2. Reduce the heat to low and let the sauce simmer, uncovered, until thickened, about 15 minutes, stirring often to prevent scorching. If the sauce becomes too thick, add a little more water.
  3. Remove the barbecue sauce from the heat and taste for seasoning, adding salt to taste and more cider vinegar, hot sauce, and/or brown sugar as necessary; the sauce should be highly seasoned.
  4. Transfer the barbecue sauce to a serving bowl and serve warm or at room temperature. The sauce will keep, tightly covered in the refrigerator, for several weeks.

Source: “The Barbecue! Bible 10th Anniversary Edition” (Workman) by Steven Raichlen

North Carolina Vinegar Sauce

Makes about 2½ cups

North Carolina occupies a unique position in the realm of American barbecue. Unlike the rest of the country, which enjoys tomato-based sauces, the preferred condiment here is a piquant mixture of vinegar and hot pepper flakes, with just a little sugar to take off the sharp edge. The jalapeño peppers aren’t strictly traditional, but I like their added bite.



  1. Combine the cider vinegar, sugar, hot pepper flakes, onion, jalapeño, salt, and black pepper in a medium-size nonreactive bowl and stir until the sugar and salt dissolve.
  2. Taste for seasoning, adding more salt and/or sugar as necessary.

Use the sauce the day it is made; it does not store well.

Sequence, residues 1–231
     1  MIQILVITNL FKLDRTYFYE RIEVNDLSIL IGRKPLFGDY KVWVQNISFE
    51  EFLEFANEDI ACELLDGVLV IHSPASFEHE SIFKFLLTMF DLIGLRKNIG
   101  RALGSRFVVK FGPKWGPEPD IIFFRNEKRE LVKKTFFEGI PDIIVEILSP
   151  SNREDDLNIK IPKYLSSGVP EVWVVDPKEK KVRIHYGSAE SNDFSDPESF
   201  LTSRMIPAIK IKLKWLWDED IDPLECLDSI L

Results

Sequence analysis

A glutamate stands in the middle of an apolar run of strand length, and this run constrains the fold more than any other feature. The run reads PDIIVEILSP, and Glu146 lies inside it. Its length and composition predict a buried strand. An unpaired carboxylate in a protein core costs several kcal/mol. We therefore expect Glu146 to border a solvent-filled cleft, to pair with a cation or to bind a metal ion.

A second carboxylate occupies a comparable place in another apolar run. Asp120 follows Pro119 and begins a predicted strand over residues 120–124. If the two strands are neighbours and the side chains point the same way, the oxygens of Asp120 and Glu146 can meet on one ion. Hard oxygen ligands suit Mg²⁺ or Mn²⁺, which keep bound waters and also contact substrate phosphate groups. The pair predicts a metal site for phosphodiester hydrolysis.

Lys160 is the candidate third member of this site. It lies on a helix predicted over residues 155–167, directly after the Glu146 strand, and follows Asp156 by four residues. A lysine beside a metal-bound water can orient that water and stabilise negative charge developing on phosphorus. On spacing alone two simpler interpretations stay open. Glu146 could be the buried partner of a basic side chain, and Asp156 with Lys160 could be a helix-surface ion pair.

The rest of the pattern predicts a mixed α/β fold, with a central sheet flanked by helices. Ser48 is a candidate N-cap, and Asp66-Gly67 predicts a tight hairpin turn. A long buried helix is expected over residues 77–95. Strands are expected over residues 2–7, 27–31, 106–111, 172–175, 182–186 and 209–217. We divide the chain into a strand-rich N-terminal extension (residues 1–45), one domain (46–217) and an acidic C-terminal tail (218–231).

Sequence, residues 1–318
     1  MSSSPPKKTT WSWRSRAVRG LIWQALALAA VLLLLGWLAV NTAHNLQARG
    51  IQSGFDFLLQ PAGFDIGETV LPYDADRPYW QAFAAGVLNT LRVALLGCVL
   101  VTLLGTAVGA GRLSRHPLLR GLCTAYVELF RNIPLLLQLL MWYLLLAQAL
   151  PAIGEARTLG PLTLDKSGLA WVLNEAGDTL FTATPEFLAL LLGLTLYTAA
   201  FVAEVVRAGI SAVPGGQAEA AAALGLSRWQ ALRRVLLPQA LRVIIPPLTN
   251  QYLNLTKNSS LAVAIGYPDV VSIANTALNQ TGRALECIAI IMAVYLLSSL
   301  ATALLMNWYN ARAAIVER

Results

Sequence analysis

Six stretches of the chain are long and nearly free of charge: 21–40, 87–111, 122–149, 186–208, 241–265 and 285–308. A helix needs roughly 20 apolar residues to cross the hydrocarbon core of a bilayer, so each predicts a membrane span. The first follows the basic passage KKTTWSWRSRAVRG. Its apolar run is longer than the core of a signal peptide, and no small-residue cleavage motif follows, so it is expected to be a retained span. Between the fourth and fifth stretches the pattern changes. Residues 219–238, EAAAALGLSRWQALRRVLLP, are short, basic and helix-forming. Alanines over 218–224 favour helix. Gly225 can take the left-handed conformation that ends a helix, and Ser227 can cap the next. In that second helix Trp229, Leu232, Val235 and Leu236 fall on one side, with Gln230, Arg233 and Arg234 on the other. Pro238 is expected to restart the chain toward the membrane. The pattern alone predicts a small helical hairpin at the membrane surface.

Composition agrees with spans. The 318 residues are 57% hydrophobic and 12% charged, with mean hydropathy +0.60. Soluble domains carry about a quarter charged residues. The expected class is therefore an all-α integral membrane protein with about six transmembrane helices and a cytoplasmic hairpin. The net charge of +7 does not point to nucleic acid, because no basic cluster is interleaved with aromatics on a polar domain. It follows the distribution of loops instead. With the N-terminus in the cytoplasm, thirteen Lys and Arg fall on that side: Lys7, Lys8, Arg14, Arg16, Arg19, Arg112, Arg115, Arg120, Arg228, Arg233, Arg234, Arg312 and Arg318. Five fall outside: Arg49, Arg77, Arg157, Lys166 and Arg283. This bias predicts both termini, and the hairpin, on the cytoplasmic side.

Source: “The Barbecue! Bible 10th Anniversary Edition” (Workman) by Steven Raichlen

Perfect Restaurant-Style French Fries

4 servings



  1. Peel potatoes and trim each one into the shape of a rectangle.
  2. Cut potatoes lengthwise into broad slices about 3/8 inch thick. Then cut each slice into strips about 3/8 inch wide. (It is important for the size of the potatoes to be correct for the cooking process to work perfectly. A French fry cutter that yields 3/8 inch fries is a good investment.)
  3. Hold cut potatoes in a bowl of cold water until ready to use.
  4. Place 3 quarts water, table salt and sugar in a large pot. Bring to a boil.
  5. Add cut potatoes to the boiling water, let the water return to a boil, then immediately reduce heat so water comes to a gentle boil. Cook potatoes for 7 minutes, or until quite soft but still holding together. You don’t want to make mashed potatoes, so check potatoes during the last few minutes of the boiling period. Remove them with a wide, slotted utensil (what chefs call a spider would be ideal), and place them on paper towels in a single layer. Bring to room temperature (about 10 minutes).